Hospitals in Distress: How the Economy has Affected Financing of Health Care

by Marianna Kiselev March 16 2010, 21:34
In the current financial crisis borrowers are finding it increasingly difficult to access capital for their investments. This is affecting one of the most important industries in our society, health care. Hospitals are a vital part of the health care industry and they are facing especially hard times in today’s economy. It is not a surprise to many people that hospitals are facing financial difficulties. Hospitals have consistently faced financial difficulties even in a good economy. However, the current credit crisis is affecting hospitals more than any other organization because of the high levels of uninsured seeking health care services, low reimbursement rates from Medicaid and Medicare, and staff shortages. Now more than ever before hospitals are facing increasing debt and are unable to gain more capital or refinancing their existing loans because it is more difficult to obtain credit. As a result, hospitals all over the country are filing bankruptcy and closing down. This is having a devastating affect on the access and quality of health care for many Americans. This article will examine why hospitals are facing financial difficulties and propose solutions to the problem by drawing upon examples of hospitals that are performing well in the current economy. [More]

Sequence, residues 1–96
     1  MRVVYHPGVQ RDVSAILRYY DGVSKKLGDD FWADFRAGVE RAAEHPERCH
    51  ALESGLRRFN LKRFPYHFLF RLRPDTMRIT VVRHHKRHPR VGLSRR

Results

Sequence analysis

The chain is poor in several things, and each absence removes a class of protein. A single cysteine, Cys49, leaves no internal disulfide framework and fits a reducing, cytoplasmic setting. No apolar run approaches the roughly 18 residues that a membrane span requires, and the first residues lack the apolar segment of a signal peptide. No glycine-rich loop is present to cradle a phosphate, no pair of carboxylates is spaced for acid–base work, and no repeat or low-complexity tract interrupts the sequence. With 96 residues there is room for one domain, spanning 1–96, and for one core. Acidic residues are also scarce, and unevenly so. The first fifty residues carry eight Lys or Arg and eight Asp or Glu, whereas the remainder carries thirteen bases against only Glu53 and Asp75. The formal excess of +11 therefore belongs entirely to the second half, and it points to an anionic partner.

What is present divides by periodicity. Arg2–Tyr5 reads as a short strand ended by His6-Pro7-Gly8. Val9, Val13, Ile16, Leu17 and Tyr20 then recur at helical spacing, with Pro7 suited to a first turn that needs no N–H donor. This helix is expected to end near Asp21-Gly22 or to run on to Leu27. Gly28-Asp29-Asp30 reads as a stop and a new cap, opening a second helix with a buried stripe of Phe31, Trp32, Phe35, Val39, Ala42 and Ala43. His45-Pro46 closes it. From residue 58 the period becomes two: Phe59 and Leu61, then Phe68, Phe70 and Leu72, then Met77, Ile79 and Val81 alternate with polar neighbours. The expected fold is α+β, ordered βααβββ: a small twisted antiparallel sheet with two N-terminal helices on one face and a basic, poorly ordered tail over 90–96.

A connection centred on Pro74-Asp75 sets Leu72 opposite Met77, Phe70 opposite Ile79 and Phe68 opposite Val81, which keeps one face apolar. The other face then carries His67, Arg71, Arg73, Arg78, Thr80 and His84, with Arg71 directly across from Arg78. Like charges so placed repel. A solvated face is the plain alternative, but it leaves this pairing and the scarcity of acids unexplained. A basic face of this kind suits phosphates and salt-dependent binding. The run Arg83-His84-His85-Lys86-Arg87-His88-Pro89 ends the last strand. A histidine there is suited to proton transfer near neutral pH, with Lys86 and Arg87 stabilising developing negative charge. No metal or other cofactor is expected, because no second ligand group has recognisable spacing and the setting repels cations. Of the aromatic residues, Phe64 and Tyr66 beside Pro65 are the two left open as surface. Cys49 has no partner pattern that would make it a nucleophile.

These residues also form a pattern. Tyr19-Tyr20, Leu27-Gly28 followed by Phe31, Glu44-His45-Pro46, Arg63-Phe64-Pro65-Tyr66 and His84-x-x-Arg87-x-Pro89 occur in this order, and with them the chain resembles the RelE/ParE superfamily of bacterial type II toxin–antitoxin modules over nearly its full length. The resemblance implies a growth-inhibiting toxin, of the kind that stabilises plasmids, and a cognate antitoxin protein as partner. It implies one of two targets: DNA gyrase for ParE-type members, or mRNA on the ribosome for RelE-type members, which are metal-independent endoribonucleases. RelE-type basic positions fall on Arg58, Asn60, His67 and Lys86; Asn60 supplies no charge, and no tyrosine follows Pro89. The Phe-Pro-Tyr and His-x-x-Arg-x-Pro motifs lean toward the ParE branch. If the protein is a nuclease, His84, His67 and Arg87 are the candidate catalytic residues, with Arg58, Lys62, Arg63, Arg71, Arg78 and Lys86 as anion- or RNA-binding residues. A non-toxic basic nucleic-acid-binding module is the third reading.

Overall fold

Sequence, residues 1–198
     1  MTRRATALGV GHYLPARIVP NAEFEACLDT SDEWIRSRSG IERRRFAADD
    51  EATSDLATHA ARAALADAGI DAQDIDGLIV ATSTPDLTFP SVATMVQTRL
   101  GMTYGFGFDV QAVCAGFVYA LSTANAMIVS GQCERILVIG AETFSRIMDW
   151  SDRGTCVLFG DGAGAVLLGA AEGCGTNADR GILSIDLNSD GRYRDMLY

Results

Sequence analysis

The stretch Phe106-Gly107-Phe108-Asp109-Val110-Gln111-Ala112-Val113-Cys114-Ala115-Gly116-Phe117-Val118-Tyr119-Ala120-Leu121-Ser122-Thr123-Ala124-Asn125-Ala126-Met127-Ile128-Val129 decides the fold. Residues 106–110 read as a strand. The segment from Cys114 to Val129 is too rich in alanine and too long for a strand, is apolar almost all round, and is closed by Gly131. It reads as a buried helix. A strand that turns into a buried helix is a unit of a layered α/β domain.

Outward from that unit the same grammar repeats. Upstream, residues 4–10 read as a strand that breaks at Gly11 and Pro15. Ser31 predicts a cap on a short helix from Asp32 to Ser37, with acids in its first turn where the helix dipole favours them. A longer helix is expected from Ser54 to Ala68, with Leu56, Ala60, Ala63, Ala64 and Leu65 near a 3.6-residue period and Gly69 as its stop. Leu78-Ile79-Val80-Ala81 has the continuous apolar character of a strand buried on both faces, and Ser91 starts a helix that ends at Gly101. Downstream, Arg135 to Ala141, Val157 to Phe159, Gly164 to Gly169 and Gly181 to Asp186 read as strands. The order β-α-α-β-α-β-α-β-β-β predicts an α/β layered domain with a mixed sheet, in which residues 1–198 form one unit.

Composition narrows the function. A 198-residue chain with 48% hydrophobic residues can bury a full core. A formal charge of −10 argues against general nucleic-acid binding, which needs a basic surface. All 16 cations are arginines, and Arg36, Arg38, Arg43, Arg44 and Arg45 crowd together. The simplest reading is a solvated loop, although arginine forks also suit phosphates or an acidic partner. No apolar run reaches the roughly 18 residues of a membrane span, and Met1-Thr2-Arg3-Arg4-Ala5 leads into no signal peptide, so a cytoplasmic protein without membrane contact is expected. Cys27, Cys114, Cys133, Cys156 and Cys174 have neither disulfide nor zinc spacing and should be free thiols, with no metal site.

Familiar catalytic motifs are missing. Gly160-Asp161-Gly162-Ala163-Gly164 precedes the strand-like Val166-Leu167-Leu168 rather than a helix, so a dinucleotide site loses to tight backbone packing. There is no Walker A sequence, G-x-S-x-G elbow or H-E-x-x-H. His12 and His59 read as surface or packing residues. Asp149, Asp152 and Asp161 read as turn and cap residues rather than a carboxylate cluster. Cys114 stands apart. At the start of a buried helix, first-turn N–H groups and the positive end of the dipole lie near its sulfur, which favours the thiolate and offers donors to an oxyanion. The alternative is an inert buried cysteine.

Microcredit Part 2

by Lu Sun March 14 2010, 22:49
Microcredit Part 2 will explore a possible application of the microcredit system in the United States as well as problems that such an application may encounter and solutions to such issues. [More]

Regulation E: Are the problems with overdraft protection properly addressed?

by Frederic Deraiche February 22 2010, 01:12
As a result of the reform promised during the latest credit crisis, new rules are coming into effect controlling overdraft protection. This article will examine whether these new regulations address the problems that have been raised regarding overdraft protection, and whether the regulations will be sufficient to appropriately curtail its problematic aspects. Both modern and historical arguments will be considered in examining whether the regulation attempts to resolve the right issues and whether or not it is likely to be effective. [More]

2008/9 Financial Crisis: A Lot to Learn On Bailouts and Too Big To Fail Companies In Order To Draft New Regulation

by Gustavo Morales Oliver December 4 2009, 00:07
New regulation will come out of the 2008/9 crisis as is common after every major crisis (e.g. 1930’s meltdown and Enron’s falling, among others). What is most important is that such regulation should aim at terminating certain undesired market incentives: those which contributed to the development of the 2008/9 crisis, and the negative ones arising from the bailouts.

Along the path of reform, it is essential to understand that systemic risk, the 2008/9 systemic crisis and the bailouts are three different situations, with different causes and effects. Thus, they can be addressed separately to improve the overall situation, without need to exclusively seek for a unique “magic” solution.